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The world’s best riders have already been showing their stuff against the clock in Austria over the last few days, but this weekend they’ll trade sleek helmets and aero bars for their road racing getup. The women’s world road race championship gets underway on Saturday.
The hype around this year’s worlds has been building since back in 2016 when Innsbruck secured championship week. Nestled in an Alpine valley, the city was always expected to offer a climber-friendly worlds, and the course that organizers have since unveiled lives up to that promise.
As such, the race will give a few specialists a welcome opportunity to contend against some familiar worlds favorites for a rainbow jersey on Saturday.
The route: Ups and downs abound
The women’s worlds course runs 156.2 kilometers in full. Things get underway in Kufstein — expect plenty of pre-race shots of the town’s imposing medieval castle — and finish on a circuit in Innsbruck.
After a few rollers in the first hour, the peloton will take on the short but very steep Gnadewald climb and then drop into the circuit, where three trips up and down the Igls climb await.
7.9 kilometers in length with a 5.7 percent average, its tough enough to wear away at the non-climbers with repeated ascents, but perhaps not hard enough to favor only the purest mountain goats. The gradient is not so steep as to make it an obvious launching pad for a solo attacker. However, the chaos of riders trying to cooperate with the national team squadmates and the fatigue of riding the event’s 2,413 vertical meters could be enough to spur a loner to victory.
Descending skills will come in handy as well, with downhill off the climb running a bit steeper than the ascent. After things flatten out on the final lap of the circuit, it’s a little over seven kilometers to the finish. A strong kick will be important if a small group manages to make it to the line together.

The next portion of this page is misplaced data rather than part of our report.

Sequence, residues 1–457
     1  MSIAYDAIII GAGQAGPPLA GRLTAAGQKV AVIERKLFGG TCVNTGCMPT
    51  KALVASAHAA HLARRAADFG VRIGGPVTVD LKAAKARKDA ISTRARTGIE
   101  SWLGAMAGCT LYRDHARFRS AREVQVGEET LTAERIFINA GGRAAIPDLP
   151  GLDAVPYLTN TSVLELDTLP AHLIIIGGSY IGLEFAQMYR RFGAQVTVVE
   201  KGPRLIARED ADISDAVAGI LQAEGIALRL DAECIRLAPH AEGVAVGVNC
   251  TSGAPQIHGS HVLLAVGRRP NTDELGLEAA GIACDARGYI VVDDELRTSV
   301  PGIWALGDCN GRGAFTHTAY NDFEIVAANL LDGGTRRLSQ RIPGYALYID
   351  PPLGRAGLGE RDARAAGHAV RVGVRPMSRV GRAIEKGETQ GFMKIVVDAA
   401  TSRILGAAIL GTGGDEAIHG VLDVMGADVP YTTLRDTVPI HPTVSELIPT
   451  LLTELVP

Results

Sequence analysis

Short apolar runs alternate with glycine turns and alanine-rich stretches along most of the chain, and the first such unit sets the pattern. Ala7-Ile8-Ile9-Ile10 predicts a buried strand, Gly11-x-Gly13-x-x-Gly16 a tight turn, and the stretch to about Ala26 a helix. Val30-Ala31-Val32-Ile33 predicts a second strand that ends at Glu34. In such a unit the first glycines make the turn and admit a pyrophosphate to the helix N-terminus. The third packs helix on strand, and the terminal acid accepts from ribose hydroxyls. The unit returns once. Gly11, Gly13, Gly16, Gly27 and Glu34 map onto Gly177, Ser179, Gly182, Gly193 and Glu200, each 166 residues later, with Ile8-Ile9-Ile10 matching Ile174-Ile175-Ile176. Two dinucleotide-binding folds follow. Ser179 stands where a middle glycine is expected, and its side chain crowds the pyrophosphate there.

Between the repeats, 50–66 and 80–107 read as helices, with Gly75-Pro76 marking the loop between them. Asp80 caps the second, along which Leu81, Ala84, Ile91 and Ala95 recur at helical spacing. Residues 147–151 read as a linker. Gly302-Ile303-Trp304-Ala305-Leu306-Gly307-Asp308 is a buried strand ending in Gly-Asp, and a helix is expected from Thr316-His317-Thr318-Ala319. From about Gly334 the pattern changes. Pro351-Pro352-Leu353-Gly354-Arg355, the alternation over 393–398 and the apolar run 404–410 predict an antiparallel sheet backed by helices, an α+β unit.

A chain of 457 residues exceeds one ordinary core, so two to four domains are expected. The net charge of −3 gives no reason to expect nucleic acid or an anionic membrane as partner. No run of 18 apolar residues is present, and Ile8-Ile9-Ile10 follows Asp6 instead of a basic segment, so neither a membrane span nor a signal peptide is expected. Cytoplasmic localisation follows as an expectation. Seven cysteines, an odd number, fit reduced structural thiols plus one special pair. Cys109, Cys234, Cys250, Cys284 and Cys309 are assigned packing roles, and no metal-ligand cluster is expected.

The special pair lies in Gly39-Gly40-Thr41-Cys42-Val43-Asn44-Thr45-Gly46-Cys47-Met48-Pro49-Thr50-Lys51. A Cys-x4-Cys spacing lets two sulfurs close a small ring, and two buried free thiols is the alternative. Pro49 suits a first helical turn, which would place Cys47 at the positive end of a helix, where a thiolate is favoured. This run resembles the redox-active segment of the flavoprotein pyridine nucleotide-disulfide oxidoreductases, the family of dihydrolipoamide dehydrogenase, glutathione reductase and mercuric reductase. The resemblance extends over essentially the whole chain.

The contenders: Dutch women favored to repeat
For anyone who has watched women’s cycling over the last decade, and particularly the past few seasons, it should come as little surprise that the Dutch worlds squad contains both of the two top favorites for the rainbow jersey this fall, and that doesn’t even include defending world champion Chantal Blaak.
Anna van der Breggen and Annemiek van Vleuten have duked it out for the title of the sport’s top female rider all season. They’re both very evenly matched riders, with big engines but elite climbing legs too. Van Vleuten may have the slightest of edges in the pure power department — she successfully defended her rainbow jersey in the time trial on Tuesday — and the high-mountain climbs, but van der Breggen has the edge in classics-style racing. That might give her a tiny advantage in this race, but it’s pretty much a tossup.
On Saturday, van der Breggen and van Vleuten will be asked to put their season-long rivalry aside for the good of the Dutch national team. That’s going to be an interesting storyline to watch. In any case, expect at least one of them to put in an attack on the final climb, with Blaak, Lucinda Brand, and Ellen van Dijk also potentially in the mix.
Poland may have the best chance at unseating the Dutch women, courtesy of an in-form Katarzyna Niewiadoma.
The 23-year-old has emerged as one of the sport’s strongest climbers over the last two years, and she is fresh off an overall victory at the Tour de l’Ardèche. A climber-friendly world championships is a huge opportunity for her.
The same is true for South Africa’s Ashleigh Moolman-Pasio. Consistently among the top finishers in big races all season long, she will jump at the chance to shine in Innsbruck. The top step of a major race podium has proven elusive for the veteran climber in the past, but the form and the skillset are undeniably there. You have to think she’ll find her way to a big win sometime soon.
Team USA has a few climbers who could have a shot on the lumpy parcours as well. Katie Hall is one of the world’s finest at going uphill. She does not have as much of a track record in one-day events as in stage races, but she’ll definitely draw some attention on the late climbs. Ruth Winder and Megan Guarnier — riding her swansong race before she retires at the end of the year — are other potential contenders.
Australia’s Amanda Spratt, Denmark’s Cecilie Uttrup Ludwig, France’s Audrey Cordon-Ragot, and Italy’s Elisa Longo Borghini are other versatile riders who could get into the mix on Saturday.